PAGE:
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Reaching Your K-12 Buying Audience

Oct 9, 2018


First, you need to identify who’s part of the purchasing process, then you need to communicate in ways they care about.

Buyers are wary of vendors. No surprise there. Yet vendors continue to produce materials intended to appeal to buyers that aren’t believable or useful. Those were the big findings in a business-to-business “buying disconnect” study that queried hundreds of buyers and vendors. According to TrustRadius, a company that collects and publishes reviews of business technology online, the top five most influential sources of information buyers use when they’re researching products - and the ones they most trust - are:

  •   Their own prior experience with the product
  •   A free trial or account
  •   Product demos
  •   Referrals from associates
  •   Recommendations from consultants and agencies

In other words, three of the leading responses incorporate activities that enable buyers to experience the product up close and two involve endorsements from trusted sources.

As buyers go, people in education are no different. When a school district chooses to refresh its back office applications or some aspect of its learning or classroom portfolio, those involved go through the same process of research to ensure they’re making the best possible purchasing decision.

As an education solution provider, your challenge is figuring out whom you need to reach and what they care about.

How to Tell Ed Tech Stakeholders from Stand-Ins

A research project by Digital Promise and the Education Industry Association (since subsumed into SIIA’s Education Technology Industry Network) identified 11 different district roles, from superintendents to parents that have some degree of participation in procurement decisions.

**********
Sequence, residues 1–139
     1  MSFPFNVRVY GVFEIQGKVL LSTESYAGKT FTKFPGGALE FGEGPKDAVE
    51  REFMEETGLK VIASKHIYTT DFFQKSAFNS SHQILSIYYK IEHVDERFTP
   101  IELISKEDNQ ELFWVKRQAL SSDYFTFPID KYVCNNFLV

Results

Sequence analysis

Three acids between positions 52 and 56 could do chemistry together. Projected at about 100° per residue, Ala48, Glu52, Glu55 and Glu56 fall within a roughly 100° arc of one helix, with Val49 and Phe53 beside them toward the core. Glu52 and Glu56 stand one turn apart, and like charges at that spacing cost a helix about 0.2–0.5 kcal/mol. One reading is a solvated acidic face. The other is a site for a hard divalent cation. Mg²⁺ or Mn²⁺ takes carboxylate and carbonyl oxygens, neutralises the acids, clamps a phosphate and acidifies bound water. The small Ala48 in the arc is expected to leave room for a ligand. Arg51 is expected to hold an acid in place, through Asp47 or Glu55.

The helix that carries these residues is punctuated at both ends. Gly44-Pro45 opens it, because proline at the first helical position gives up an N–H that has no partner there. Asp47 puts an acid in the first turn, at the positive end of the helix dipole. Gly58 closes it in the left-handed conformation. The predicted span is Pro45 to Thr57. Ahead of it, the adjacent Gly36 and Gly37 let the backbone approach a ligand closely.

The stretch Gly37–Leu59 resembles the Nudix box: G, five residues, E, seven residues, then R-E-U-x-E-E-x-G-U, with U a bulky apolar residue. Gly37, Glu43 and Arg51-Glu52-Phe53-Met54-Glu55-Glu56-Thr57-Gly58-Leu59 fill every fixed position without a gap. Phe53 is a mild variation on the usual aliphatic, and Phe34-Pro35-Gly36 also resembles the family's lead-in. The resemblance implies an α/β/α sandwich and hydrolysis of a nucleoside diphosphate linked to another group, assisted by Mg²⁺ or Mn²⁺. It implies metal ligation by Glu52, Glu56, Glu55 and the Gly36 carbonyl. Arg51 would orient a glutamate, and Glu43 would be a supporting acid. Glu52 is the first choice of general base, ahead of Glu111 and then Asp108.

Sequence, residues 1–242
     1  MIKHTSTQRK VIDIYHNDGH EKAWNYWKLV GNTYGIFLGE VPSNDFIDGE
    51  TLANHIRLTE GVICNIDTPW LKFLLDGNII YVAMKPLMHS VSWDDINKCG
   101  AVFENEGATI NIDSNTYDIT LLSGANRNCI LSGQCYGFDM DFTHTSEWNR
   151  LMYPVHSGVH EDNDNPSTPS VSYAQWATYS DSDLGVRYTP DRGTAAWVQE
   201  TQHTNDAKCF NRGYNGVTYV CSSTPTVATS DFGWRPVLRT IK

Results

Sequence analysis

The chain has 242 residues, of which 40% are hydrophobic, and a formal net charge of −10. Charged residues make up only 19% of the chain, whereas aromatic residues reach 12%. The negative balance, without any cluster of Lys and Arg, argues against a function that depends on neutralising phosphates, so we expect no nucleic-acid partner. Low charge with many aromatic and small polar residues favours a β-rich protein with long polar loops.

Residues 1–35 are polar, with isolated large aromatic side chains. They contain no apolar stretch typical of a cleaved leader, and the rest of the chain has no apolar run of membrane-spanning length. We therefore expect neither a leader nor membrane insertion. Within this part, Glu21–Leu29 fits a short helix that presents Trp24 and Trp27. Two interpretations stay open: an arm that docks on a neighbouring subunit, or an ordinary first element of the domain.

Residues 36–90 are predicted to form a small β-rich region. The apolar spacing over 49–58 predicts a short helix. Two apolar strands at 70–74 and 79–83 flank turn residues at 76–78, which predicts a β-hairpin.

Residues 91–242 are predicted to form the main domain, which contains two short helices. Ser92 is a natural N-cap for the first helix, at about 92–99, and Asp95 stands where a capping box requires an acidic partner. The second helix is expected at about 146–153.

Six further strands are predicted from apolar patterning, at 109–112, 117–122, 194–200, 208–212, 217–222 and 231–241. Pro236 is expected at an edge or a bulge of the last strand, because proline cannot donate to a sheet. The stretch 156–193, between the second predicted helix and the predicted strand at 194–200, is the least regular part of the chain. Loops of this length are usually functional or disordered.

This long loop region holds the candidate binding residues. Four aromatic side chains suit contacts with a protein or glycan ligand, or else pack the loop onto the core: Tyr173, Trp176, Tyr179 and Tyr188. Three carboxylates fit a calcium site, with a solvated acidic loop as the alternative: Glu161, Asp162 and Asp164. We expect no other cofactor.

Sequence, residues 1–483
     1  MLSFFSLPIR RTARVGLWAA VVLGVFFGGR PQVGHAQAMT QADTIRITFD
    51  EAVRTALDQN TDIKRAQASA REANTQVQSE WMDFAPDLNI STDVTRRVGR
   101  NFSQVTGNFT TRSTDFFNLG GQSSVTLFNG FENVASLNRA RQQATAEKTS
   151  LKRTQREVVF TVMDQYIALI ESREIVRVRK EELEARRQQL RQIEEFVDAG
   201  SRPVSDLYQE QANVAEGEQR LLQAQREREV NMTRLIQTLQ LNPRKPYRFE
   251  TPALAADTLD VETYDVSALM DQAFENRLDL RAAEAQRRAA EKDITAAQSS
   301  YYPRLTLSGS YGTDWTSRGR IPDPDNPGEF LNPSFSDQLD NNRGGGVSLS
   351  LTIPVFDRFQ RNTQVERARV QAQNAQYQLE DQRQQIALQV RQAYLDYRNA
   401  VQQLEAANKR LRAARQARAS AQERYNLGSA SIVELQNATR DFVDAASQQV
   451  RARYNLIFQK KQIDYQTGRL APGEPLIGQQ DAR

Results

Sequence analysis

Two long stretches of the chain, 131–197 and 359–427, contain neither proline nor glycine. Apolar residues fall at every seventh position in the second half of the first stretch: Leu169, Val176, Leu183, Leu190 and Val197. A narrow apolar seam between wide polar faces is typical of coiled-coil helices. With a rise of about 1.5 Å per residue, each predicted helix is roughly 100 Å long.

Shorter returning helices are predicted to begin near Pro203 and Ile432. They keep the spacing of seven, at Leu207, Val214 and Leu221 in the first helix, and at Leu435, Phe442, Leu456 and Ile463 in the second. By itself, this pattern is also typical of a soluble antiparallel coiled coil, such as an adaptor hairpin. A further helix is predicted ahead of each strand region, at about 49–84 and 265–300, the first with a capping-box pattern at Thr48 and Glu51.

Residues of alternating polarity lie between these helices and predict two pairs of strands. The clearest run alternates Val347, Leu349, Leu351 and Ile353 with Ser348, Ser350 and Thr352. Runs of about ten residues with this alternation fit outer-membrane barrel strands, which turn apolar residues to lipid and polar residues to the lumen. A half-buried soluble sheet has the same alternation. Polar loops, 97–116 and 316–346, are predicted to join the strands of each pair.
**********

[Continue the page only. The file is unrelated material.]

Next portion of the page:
There were key differences in the roles that were identified as having the greatest levels of involvement when you asked districts versus ed tech vendors.

1. While the role of technology director was designated as the most involved person by more than 9 in 10 school systems (93 percent), fewer than 6 in 10 vendors (57 percent) said the same.

2. Number two was the curriculum director, designated by 83 percent of districts and 91 percent of vendors. School systems view chief purchasing officers and chief information officers (cios) as important decision-makers in buying activities but vendors didn’t value them nearly as much. CIOs, for example, barely registered at all - just 18 percent of vendors said that role had involvement in purchasing compared to 61 percent of district respondents.

3. What stands out even more is how vendors underestimate teachers’ influence in procurement. The report shows that 50 percent of districts say teachers are involved in buying but only 37 percent of providers say the same. This puts teachers just behind principals (61 percent) and superintendents (62 percent), in terms of influence, from the district perspective. Clearly, teachers voices matters in purchasing. As the report noted, “The people most directly affected by the tools that are purchased should have a more central role in selecting and testing them.”